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As they see it.

"It's kind of like a turning point in your life. Now I get the chance to make decisions of who governs the country or help make those decisions. It makes you feel like you're part of something."

--New Tennessee voter Julie Lewis, 18, to the Tennessean about the opportunity to vote last fall.

"[Jury duty] is participatory democracy at its best. Come on down, we have plenty of seats and no waiting. Well, almost no waiting."

--Pam Wood, a jury commissioner in Massachusetts, to the Christian Science Monitor, about the high number of people not responding to a jury summons.

"We have not been able to crack this issue."

--Judith Monroe, Indiana health commissioner, to the Ft. Wayne Journal Gazette on rising obesity rates.

"There's increasing understanding that the math situation in the United States is a complete disaster."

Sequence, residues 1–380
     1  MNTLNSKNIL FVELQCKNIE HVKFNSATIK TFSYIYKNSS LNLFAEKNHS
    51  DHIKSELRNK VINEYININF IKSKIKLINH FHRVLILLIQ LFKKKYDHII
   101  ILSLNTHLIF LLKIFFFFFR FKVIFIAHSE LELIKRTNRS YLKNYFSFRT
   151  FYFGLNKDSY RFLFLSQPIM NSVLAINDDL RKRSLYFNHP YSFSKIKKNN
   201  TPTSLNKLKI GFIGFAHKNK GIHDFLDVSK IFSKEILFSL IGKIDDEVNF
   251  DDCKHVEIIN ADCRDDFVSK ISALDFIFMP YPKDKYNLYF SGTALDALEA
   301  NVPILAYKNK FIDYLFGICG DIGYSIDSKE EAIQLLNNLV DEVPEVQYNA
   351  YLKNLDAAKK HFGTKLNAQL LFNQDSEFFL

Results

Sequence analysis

--R. James Milgram, a math professor at Stanford University, to the New York Times about math instruction in schools.

"It's outrageous."

--Indiana Representative Charlie Brown, to the Associated Press about how he was stopped when he tried to use his statehouse photo ID to cast a vote in November's election. Poll workers allowed him to use the card to vote, but only after giving the last four digits of his Social Security number.

"This means we are going to transform the current, red/blue political dichotomy to one where the nation is separated by age ... young vs. old."

--William Frey, a population expert at the Brookings Institution, to the Christian Science Monitor, about the changing American demographics.

"Campaigns should be opportunities to inform, not mislead. Voters are interested in issues, not insults."

--Connecticut Senate President Pro Tern Donald E. Williams Jr. to the Courant on the need to reform political advertising.
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Publication:State Legislatures
Article Type:Cartoon
Date:Jan 1, 2007
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Next Article:Democracy at Risk: How Political Choices Undermine Citizen Participation and What We Can Do About It.

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